On the server side, you'll need to load the UPM library for the ADXL345 and read the g-force values. This is reflected by the following code:

var upm = require('jsupm_adxl345'); // Assumes the UPM modules are installed on a path known to Node.js, or a location specified via the NODE_PATH environment variable

And

var adxl = new upm.Adxl345(0); // Initialize the accelerometer on I2C bus 0

var gatherData = setInterval(function() {
    adxl.update(); // Update the data
    var force = adxl.getAcceleration(); // Read acceleration force (g)
    force.setitem(2, (force.getitem(2) + 0.08)); // Apply a small offset to the Z axis, determined by calibration

    // Serialize and send the accelerometer data as JSON
    connection.send('{"x": ' + force.getitem(0).toFixed(2) + ', "y": ' + force.getitem(1).toFixed(2) + ', "z": ' + force.getitem(2).toFixed(2) + '}');
}, 100); // Send the data every 100 ms

For the client side, first synchronize the number of messages sent by the server per second:

var messagesPerSecond = 10; // Change to match your server data rate

Then, we deserialize the JSON acceleration data received from the server and update the plot:

connection.onmessage = function (message) {
    // Parse data and push data to plot
    try {
        var adxlData = JSON.parse(message.data); // Deserialize incoming JSON acceleration data

        // Divide the X axis by the number of messages received per second, so that major units are elapsed seconds
        var ts = messagesReceived/messagesPerSecond;

        var newData = {
            x: [[ts], [ts], [ts]],
            y: [[adxlData.x], [adxlData.y], [adxlData.z]]
        }

        // Extend the current graph, last integer here is the number of X values to keep before discarding old data
        Plotly.extendTraces('myDiv', newData, [0, 1, 2], 60 * messagesPerSecond);
        messagesReceived++;
    } catch (e) {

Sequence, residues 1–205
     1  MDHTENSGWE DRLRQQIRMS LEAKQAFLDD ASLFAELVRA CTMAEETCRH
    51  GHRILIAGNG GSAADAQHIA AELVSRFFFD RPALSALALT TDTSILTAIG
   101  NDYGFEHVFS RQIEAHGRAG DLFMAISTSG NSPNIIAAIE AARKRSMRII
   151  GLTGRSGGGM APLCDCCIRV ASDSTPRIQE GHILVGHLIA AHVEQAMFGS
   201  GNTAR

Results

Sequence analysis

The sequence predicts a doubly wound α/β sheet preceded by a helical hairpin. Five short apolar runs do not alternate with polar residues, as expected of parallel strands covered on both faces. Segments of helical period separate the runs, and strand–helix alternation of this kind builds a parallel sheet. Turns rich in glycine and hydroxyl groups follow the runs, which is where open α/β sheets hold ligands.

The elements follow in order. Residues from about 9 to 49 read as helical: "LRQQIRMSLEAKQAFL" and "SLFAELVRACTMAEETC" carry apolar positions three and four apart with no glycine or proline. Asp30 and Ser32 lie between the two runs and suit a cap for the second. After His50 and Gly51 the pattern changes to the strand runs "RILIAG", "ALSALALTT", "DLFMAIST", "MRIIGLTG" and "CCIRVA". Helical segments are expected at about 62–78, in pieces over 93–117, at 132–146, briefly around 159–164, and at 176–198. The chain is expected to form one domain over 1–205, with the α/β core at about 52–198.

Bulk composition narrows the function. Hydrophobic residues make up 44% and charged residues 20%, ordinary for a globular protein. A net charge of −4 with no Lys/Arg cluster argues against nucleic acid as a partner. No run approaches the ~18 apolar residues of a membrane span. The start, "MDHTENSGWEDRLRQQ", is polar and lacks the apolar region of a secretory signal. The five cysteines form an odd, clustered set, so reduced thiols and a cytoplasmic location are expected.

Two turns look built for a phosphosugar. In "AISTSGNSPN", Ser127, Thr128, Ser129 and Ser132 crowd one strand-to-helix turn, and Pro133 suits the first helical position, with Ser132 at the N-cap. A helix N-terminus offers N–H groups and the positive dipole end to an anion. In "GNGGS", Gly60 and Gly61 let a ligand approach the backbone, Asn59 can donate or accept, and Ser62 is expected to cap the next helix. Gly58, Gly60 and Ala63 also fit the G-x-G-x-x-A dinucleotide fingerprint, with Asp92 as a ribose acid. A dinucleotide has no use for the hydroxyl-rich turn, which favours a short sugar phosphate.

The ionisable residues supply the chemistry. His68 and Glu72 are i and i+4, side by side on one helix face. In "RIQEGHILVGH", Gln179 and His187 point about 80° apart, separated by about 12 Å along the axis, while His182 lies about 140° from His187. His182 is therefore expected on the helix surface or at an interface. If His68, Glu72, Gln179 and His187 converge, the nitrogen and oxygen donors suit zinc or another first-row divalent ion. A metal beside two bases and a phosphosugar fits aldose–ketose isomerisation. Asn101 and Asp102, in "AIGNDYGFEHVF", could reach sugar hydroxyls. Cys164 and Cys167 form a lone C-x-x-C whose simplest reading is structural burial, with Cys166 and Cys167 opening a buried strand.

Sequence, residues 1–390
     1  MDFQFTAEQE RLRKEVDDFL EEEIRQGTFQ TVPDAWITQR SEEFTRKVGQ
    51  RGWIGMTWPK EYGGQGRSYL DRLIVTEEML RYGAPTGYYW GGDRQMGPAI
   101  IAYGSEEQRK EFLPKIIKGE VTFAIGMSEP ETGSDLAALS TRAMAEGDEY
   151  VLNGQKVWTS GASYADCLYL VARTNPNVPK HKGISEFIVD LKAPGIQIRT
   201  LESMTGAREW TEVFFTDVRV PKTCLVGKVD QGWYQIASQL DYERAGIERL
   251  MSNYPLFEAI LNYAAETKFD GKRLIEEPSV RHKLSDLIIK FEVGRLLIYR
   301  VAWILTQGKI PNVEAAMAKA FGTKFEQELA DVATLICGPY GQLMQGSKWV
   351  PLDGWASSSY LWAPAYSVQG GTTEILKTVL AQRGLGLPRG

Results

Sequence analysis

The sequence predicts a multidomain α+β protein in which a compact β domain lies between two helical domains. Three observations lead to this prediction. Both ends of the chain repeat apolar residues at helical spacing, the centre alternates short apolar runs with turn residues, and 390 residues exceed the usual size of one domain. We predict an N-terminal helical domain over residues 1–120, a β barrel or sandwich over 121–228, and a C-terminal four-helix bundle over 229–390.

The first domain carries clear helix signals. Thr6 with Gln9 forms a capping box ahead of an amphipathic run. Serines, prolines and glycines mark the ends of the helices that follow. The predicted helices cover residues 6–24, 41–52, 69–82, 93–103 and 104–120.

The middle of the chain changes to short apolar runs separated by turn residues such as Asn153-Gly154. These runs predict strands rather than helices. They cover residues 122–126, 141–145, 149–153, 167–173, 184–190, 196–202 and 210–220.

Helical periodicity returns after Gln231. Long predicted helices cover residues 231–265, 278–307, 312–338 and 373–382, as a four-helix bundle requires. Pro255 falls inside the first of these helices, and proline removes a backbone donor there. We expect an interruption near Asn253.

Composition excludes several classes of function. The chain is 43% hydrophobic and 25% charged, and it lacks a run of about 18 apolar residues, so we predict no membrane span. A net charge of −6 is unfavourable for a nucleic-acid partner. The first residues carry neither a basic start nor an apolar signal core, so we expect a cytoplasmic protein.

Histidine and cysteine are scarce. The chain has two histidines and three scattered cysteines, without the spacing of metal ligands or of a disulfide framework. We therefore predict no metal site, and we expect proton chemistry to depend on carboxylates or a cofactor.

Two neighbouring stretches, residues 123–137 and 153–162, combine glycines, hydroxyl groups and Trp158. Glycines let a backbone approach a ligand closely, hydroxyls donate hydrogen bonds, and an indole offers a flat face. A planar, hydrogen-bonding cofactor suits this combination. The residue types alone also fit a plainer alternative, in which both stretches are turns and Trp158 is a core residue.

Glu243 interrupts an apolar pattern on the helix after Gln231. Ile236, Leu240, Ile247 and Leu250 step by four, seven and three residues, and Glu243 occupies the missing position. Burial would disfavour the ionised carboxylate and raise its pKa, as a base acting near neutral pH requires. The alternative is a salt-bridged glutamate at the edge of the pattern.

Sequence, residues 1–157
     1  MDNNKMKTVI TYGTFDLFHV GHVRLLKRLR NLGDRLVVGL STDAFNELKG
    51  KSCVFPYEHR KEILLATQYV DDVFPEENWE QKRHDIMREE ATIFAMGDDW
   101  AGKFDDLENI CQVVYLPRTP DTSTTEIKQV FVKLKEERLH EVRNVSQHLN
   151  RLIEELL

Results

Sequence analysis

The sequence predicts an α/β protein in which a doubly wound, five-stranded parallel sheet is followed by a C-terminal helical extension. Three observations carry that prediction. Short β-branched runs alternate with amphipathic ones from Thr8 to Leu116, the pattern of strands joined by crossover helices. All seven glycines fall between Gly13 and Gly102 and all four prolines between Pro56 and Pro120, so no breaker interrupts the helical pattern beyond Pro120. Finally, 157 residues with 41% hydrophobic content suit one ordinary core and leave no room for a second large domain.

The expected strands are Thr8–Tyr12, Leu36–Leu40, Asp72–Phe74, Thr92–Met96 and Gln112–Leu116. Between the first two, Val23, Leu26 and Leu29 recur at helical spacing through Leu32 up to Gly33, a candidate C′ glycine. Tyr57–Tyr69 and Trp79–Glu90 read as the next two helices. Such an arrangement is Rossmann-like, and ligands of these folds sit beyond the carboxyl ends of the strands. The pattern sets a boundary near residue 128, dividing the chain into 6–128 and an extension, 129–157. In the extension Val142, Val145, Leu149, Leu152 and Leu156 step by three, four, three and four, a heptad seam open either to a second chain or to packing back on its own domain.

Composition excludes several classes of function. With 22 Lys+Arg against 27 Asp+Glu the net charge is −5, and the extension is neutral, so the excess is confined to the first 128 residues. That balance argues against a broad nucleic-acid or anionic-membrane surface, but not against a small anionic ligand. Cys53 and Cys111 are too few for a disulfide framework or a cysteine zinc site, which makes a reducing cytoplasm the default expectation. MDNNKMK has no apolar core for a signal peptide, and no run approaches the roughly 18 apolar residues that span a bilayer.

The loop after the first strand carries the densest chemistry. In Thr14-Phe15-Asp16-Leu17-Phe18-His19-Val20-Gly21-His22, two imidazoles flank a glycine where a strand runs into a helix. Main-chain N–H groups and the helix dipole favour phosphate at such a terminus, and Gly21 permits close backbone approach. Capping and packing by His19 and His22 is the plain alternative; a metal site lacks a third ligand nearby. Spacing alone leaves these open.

console.log('This doesn\'t look like valid JSON: ', message.data);
        return;
    }
};

The rest of the client side code defines the style of the graph according to the Plotly API.

Keep in mind that the current setup will refresh the data approximately 10 times a second. Feel free to try different values to show more or less data.

Step 7: Observe the Types of Forces Acting on the Board

Static Forces

Force of Gravity

You can observe the force of gravity acting on the board when board is resting on its rubber feet.

The green line (z-axis) should show a constant force of 1g (or 9.8 m/s^2). And, in fact, the force of gravity is always shown on the graph!

Dynamic Forces

Movement

Observe motion along the x (blue), y (orange) and z (green) axes by moving the board:

  • Up and down and side to side
  • At a 45 degree angle
  • Figure eight

Vibration

Observe what happens when you:

  • Lightly tap the board
  • Drum on on the table
  • Place the board on or near something with a constant vibration (e.g., fan motor)

Further Steps and Optimizations

On a PC or laptop, Plotly makes use of hardware acceleration (via webGL) for rendering the charts. Therefore you can work with large datasets, redraw often, and still be able to show responsive graphs. Unfortunately, this feature is unavailable on mobile browsers (e.g. tablets, smartphones). This means the plotting rate is directly impacted and limited to only a few updates per second (1 to 4) for these devices. The good news is that the amount of data you can send over WebSocket is not affected.

A natural optimization would be to collect the data points in buffers on the client side, while continuing to send them at a high rate from the Terasic DE10-Nano. You can then update the graph with several values at once and still keep the graph responsive even on mobile devices.

Conclusion

This exercise shows how easy it is to integrate the MRAA and UPM libraries with other technologies towards building a full IoT application. Many other sensors and actuator libraries, including several rated for industrial use are also available. For a full list of supported sensors please visit the UPM API pages here.

References

Some nice Plotly examples on how to extend graphs with new data:

Additional Resources

License

This article, along with any associated source code and files, is licensed under The Code Project Open License (CPOL)